• What meaningful activities, experiences and interactions can I create for myself to remind me of who I am?

  • Who in my life reminds me of who I really am?


  • What kind of woman do I want to be in the future, after I'm over this?

  • How can I practice being her now, even in little ways?




3. What will help me cope while I recover?


Last but not least, it was important, researcher’s found to help stroke patients cope during the in-between while they worked to recover their former mobility and lives. Coping, not curing. It takes time to create change. It takes time heal and create new situations for so many of us.


Having ways of dealing with our frustration, emotions and limitations in the meantime can help us take the time we need, without giving up. And we all need relief from suffering, as we heal. Coping can give us that.


Here are some questions to help you find ways to cope:


  • How can I find pockets of time to get away from this? How can I get momentary relief from what's going on?

Work can be respite for some. Friends and scheduling in fun away from real life, could be a way for others. Volunteering.


  • Instead of focusing on the end goal, what are the smaller goal posts that I can focus on to motivate me now?


  • What do I see as the rough patches ahead of me, and what plan do I have to help with them?


  • How can I focus on what's truly meaningful to me? What am I still grateful for? What do I still have in my life that's worthy?

Do I still have my health? Do I still have family and friends to spend time with?



  • Who do I need to reach out for help? Who can help me to cope?

Counselors, therapists, friends, family, loved ones, support groups. Who can I get on my team to help me?


Remember, be gentle and give yourself time as your work your way through these questions and into finding hope and healing. Change takes time.


And if you need more help than this article can provide, especially concerning mental health, don't be afraid to reach out for it. A counselor or therapist can be an incredible asset and help to you.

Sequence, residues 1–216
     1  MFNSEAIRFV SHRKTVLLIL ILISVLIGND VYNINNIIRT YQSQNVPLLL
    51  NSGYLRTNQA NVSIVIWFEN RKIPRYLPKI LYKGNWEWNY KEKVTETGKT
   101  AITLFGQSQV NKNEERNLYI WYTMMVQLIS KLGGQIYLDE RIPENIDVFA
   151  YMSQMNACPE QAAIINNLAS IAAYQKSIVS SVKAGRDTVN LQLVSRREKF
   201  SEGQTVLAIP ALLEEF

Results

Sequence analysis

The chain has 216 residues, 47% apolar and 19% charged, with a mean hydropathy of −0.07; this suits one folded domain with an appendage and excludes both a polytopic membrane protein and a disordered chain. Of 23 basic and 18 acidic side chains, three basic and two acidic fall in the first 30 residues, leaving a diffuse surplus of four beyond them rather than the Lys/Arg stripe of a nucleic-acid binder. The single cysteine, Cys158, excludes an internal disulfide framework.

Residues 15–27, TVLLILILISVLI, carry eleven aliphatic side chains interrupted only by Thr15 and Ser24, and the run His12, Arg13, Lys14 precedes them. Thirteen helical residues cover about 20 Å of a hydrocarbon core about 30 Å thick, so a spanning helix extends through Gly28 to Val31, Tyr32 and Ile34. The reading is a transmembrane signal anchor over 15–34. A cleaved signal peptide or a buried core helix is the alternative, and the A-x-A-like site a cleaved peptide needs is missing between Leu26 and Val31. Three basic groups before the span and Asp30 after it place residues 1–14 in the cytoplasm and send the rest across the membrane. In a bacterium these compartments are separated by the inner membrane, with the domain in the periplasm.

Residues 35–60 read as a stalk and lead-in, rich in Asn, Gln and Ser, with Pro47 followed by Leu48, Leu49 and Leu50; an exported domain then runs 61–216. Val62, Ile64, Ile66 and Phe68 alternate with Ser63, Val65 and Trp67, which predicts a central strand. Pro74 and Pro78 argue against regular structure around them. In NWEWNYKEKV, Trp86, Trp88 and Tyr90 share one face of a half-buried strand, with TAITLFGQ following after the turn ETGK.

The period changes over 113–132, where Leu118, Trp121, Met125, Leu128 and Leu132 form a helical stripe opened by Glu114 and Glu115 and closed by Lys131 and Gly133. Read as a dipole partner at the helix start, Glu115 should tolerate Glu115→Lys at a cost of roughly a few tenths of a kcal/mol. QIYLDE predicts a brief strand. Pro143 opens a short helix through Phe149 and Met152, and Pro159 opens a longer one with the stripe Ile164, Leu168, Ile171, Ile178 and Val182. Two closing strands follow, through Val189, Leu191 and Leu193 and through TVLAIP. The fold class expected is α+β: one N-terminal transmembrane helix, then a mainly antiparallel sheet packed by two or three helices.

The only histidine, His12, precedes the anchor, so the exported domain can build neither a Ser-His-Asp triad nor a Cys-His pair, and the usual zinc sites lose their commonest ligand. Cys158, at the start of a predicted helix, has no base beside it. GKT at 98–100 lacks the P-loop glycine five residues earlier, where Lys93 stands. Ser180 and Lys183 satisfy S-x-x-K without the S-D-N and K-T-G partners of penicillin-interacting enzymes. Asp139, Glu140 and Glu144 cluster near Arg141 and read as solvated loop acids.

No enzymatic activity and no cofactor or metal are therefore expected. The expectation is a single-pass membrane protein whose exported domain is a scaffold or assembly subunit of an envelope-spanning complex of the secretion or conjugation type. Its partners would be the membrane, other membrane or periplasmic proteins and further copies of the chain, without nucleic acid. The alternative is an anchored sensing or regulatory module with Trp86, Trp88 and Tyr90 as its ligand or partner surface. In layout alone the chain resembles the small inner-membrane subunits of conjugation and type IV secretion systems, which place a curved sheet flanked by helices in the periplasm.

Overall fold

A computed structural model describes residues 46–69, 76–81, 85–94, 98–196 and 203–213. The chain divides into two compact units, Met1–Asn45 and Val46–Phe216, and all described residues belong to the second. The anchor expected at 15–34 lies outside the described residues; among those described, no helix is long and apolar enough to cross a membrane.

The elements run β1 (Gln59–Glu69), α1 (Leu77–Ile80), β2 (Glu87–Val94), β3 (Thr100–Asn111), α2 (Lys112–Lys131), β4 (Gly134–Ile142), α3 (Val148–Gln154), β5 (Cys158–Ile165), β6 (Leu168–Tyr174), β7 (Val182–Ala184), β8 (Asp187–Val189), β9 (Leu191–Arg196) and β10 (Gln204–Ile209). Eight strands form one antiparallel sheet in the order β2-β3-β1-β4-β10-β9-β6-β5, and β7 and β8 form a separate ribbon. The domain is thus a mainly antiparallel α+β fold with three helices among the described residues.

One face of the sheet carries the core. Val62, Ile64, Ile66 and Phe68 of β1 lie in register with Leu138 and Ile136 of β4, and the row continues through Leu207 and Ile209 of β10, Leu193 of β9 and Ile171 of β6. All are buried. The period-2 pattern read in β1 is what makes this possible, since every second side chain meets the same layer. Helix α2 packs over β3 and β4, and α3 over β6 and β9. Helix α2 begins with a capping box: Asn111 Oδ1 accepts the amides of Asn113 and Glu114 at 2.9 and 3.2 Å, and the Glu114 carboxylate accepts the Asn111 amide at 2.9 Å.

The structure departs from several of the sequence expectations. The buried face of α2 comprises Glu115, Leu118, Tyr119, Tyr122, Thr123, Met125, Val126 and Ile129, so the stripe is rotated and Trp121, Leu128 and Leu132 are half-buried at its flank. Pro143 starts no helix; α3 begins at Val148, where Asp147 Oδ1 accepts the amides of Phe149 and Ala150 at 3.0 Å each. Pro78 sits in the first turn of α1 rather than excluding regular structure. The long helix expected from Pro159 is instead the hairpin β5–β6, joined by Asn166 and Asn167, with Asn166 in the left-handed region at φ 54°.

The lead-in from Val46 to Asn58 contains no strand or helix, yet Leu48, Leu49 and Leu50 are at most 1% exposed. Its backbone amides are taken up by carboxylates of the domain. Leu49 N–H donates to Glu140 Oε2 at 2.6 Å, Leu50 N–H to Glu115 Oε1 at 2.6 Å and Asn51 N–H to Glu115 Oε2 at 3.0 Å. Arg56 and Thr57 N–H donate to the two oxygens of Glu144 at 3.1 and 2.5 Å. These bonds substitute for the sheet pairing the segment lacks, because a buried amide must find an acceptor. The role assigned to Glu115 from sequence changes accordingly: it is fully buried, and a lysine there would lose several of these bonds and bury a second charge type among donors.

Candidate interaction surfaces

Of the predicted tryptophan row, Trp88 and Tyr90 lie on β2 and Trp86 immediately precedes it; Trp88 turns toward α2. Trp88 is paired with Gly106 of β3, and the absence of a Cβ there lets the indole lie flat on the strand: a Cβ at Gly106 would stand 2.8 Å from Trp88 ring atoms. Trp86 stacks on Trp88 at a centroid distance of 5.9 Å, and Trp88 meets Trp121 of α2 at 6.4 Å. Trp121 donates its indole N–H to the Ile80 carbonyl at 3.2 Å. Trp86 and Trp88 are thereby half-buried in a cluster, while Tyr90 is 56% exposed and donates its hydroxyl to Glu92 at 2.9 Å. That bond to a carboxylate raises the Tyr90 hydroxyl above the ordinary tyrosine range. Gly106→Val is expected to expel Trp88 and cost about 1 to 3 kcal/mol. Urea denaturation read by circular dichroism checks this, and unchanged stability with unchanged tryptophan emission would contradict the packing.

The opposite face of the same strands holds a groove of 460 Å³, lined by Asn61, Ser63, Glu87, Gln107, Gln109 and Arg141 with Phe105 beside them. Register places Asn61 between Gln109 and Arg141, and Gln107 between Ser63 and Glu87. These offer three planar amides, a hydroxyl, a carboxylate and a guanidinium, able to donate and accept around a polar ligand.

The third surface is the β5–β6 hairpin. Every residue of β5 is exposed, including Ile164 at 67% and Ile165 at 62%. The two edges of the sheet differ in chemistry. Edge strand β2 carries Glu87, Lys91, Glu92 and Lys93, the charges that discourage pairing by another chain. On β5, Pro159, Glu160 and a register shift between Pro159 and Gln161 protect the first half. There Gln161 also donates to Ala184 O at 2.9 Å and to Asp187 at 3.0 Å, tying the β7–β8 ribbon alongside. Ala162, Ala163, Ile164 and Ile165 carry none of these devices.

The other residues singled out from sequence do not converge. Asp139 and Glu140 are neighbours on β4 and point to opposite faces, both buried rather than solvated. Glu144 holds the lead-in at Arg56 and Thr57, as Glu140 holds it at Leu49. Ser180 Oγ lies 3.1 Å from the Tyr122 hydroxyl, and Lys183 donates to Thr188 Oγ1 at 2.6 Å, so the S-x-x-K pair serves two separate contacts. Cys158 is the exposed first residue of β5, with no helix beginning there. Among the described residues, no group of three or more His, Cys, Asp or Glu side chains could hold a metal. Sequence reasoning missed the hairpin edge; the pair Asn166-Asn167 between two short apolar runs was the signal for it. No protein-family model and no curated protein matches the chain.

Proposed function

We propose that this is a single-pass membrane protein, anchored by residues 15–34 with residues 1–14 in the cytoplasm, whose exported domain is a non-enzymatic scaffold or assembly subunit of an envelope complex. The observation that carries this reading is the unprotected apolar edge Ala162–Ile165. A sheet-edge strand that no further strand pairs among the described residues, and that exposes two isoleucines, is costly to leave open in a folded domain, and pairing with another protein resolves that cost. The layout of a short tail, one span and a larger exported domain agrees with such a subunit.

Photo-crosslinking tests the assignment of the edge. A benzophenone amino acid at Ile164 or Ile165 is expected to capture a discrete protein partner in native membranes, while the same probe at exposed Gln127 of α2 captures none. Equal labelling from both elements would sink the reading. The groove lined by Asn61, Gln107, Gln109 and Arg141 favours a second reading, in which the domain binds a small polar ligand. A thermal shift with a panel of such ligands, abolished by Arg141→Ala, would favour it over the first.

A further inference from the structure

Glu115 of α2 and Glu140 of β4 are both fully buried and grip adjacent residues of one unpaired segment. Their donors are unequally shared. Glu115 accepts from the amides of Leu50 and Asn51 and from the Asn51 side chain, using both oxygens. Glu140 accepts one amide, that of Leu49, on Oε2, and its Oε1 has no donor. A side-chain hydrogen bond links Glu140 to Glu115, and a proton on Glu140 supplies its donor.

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In the meantime I hope that this article has helped, and if you happen to need someone to hold your hand, and help you work through the how to navigate your goals and dreams, I’m here to help!


A life coach can be a great cheerleader, accountability partner and can help you celebrate all those wins. Not to mention work through all those pesky fear-inducing thoughts.


If you’re interested in working with me you can schedule your FREE CONSULT here:



Or contact me at: info@desireesommer.com or use messenger here on Facebook or Instagram! I love helping people just like you!


And with that, I’m off! I will see you all next week in the meantime here are some other articles you might enjoy:



If you’d like to write in a question for coaching feel free to message me on Facebook or email me at info@desireesommer.com.


As always, make sure to hit that like button, and sign up for blog so you never miss another post about being happy, and pursuing your dreams!


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And as promised here are links to the orignal study and article:


The original study: Hope in Stroke Patients


And here is a link to the coach Matti Kontsas and his article I referenced and used for this post: "3 Research-Based Questions for Finding Hope in uncertainty"